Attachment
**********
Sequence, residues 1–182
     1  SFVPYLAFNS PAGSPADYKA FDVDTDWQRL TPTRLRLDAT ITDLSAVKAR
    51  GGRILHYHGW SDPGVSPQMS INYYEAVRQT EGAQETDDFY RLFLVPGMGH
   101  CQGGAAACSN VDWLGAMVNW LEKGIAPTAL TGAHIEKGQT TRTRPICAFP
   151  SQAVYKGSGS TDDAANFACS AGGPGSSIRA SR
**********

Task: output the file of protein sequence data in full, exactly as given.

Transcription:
Sequence, residues 1–182
     1  SFVPYLAFNS PAGSPADYKA FDVDTDWQRL TPTRLRLDAT ITDLSAVKAR
    51  GGRILHYHGW SDPGVSPQMS INYYEAVRQT EGAQETDDFY RLFLVPGMGH
   101  CQGGAAACSN VDWLGAMVNW LEKGIAPTAL TGAHIEKGQT TRTRPICAFP
   151  SQAVYKGSGS TDDAANFACS AGGPGSSIRA SR